Babies are great conversation starters, but it can be far too easy to slip in an offhand comment or two that, while unintended, makes it seem like you're judging a mom, her baby, or her parenting skills. If you find yourself comparing your baby to another, or wondering why a mom does something a way that you would never do, then do us all a favor and keep those lips sealed.
"Why isn't she crawling yet?"
Okay. For starters, not every baby crawls in a traditional hands-and-knees manner. Really. Some babies just lay around contentedly until one day they pull up and start cruising around furniture. And others have other means of locomotion, such as rolling, creeping or scooting along backwards. The timeline is also different from baby to baby, so if your munchkin is crawling at four months and your friend's baby is eight months and isn't moving around much, just shhh. There's no need to point that out.
While this is traditionally something that is said to (or wondered about) a dad, it's still annoying to hear that your kid doesn't look like you when you're a mom. I can't explain it, but my kids don't really look like me and hearing that they look like their dad is way better than hearing they look nothing like me. Come on people, I carried and birthed these kids—just talk about how cute they are, okay?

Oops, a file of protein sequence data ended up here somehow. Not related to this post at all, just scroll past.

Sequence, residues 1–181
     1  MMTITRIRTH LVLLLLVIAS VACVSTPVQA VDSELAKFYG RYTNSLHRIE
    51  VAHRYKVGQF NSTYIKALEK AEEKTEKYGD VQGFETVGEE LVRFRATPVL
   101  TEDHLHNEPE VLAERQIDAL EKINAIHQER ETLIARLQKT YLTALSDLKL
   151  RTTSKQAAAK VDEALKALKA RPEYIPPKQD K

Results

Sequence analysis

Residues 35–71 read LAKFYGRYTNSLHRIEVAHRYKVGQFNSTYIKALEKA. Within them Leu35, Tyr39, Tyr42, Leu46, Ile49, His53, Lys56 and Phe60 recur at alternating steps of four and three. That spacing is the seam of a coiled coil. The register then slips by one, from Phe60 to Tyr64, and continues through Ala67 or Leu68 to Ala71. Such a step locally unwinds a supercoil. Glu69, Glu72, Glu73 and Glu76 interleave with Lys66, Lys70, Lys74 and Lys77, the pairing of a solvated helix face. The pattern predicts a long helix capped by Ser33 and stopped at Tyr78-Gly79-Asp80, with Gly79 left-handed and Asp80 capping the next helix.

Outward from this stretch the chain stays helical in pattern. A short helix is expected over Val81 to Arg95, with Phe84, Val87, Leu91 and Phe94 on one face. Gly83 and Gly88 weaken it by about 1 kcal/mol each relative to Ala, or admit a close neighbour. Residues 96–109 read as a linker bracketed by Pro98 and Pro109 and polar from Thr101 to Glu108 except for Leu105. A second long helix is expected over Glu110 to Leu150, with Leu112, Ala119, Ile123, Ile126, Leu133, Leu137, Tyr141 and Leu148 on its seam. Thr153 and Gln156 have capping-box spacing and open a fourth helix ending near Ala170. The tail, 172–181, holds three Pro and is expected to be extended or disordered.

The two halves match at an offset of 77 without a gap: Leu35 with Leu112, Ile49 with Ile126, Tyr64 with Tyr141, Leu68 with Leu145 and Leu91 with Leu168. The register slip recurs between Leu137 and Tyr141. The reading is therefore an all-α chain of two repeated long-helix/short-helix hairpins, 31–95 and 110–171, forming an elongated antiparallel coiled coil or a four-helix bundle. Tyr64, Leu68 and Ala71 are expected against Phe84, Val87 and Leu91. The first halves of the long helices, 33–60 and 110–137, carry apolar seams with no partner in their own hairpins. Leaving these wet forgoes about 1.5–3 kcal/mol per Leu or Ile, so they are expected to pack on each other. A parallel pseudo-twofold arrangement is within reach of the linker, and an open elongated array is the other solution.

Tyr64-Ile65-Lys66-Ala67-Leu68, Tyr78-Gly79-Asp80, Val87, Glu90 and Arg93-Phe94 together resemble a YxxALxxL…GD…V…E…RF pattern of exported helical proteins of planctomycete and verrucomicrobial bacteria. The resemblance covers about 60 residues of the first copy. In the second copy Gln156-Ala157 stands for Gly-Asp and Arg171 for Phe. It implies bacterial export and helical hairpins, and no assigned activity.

These sorts of statements never help and it can make a mom feel like she's doing this parenting thing all wrong.
"I could never go back to work at X age, I would miss my baby too much."
This, and its equally sinister cousin, "I could never stay home with my baby, I'd be bored out of my mind," are pretty much always better left unsaid. Even if it's not meant as a judgement, it totally feels like one. We all make choices that fit ourselves and our families, so what you do with your family doesn't apply here.
"Gosh, my baby never cried that much."
This is another example of people comparing their children to yours. When a baby is crying, it's stressful and her mother wants to make her feel better, and if you're sitting there talking about how angelic your kids were as babies, it may makes her want to stab you in the eyeballs. These sorts of statements never help and it can make a mom feel like she's doing this parenting thing all wrong. And you really don't want to get stabbed in the eyeballs, so keep these quips quiet.
Gender disappointment is very real, but it's also very unkind to bring up that you or the mom herself was hoping for a child of a different sex, either before the baby is born or after he's arrived. Chances are, this mother would rather not pack her new baby up for a return, even if she could, and to mention that there was once hope that he could be a girl, or vice versa, is pretty damn rude.